The 2005 IRBR marks a new departure for rare bird recording in Ireland in that data and information, collected through a radically altered recording system which was put into place on 1st January 2005, are presented for the first time. A number of factors (principally, the recent technical advances in digital photography and the upsurge in the number of rarity photographs being published on the Internet, in addition to improved observer competence) enabled us to employ more pragmatic, observer-friendlier methods, under which numerous species no longer require formal documentation and assessment. All known rarity sightings are now published and updated on a monthly basis in the Provisional List of Rare Bird Sightings on the IRBC website. Observers are invited to contribute by examining the List and supplying, wherever relevant, additional information so that the record, when published in the IRBR, will be as accurate as possible. Full details and background information relating to the new recording system were published in Irish Birds 7: 413-418 and can also be accessed on the IRBC website here.
The simplicity of this new system, combined with the high level of acceptance and cooperation with which observers of rare birds in Ireland have embraced it, have resulted in a substantial increase in the number of rare and scarce bird sightings qualifying for publication in this Report. At the same time, this increase underlines the fact that no more than a handful of sightings from previous years remain undocumented; the IRBC warmly welcomes late submission of such records for inclusion in future Reports. The publication of the Northern Ireland Bird Report Vol. 16, which covers the years 2003 and 2004, enables us to update the record here with respect to Northern Ireland.
A significant change of format in this Report is the inclusion of all records and full details of long-staying rarities, first seen during the year prior to the one covered by the Report, e.g. overwintering ducks, geese and waders seen in the winter 2004/2005, many of which have already been published. Although the new format entails repetition of previously published information, we believe that the Report should present as full a picture as possible for the year in question.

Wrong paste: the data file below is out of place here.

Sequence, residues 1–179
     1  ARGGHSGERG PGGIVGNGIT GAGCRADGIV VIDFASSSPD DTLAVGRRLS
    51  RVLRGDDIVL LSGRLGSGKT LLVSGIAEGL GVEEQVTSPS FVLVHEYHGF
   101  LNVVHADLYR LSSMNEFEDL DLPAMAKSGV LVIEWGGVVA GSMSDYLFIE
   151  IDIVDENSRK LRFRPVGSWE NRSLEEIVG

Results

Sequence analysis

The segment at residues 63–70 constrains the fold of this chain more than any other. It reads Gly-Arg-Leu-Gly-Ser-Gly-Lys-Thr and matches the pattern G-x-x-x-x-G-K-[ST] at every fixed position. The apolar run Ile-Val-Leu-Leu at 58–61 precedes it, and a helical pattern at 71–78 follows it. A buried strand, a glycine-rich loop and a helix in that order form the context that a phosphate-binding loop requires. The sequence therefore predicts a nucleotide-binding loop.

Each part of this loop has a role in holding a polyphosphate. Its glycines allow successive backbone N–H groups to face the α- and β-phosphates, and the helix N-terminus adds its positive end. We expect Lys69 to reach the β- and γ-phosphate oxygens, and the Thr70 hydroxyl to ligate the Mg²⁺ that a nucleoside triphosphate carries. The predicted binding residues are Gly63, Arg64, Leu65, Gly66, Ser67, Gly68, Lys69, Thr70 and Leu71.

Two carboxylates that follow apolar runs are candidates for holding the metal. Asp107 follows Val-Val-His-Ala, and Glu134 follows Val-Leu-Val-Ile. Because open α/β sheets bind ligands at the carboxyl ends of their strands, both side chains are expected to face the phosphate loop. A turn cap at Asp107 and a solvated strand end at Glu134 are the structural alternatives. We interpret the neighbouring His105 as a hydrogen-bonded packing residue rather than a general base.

Two species were recorded in Ireland for the first time in 2005: Green Heron Butorides virescens (seen in Cork in October) and Barrow's Goldeneye Bucephala islandica (seen in Down in November and December). A Rough-legged Buzzard Buteo lagopus of the North American subspecies sanctijohannis, found injured in Clare in October, was the first confirmed Irish record of this form. In addition, the second Sooty Tern Onychoprion fuscatus (Dublin and Down), second Cetti's Warbler Cettia cetti (Wicklow), fifth Elegant Tern Sterna elegans (Meath) and fifth and sixth Grey-cheeked Thrushes Catharus minimus (Cork) were recorded during the year. This Report also includes belated publication of the first Tundra Bean Goose Anser fabalis rossicus (Louth 1993), third Dark-eyed Junco Junco hyemalis (Antrim 2004), third Lesser Grey Shrike Lanius minor (Donegal 1990) and fifth Caspian Gull Larus cachinnans (Dublin 2002). Autumn seawatching produced record totals of Fea's/Zino's Petrels Pterodroma feae/madeira and Wilson's Petrels Oceanites oceanicus as well as good numbers of Long-tailed Skuas Stercorarius longicaudus. The occurrence of Hurricane Wilma, off the east coast of the USA in late October, was responsible for exceptional influxes of Laughing Gulls Larus atricilla and Chimney Swifts Chaetura pelagica, and the year was also notable for influxes of Spoonbills Platalea leucorodia and Hawfinches Coccothraustes coccothraustes. Five species of rare heron were recorded during the spring, including the first Cattle Egrets Bubulcus ibis and Purple Herons Ardea purpurea since 1999.
P.Milne and D.G.McAdams (on behalf of the Irish Rare Birds Committee)
BirdWatch Ireland, 1 Springmount, Newtownmountkennedy, Wicklow.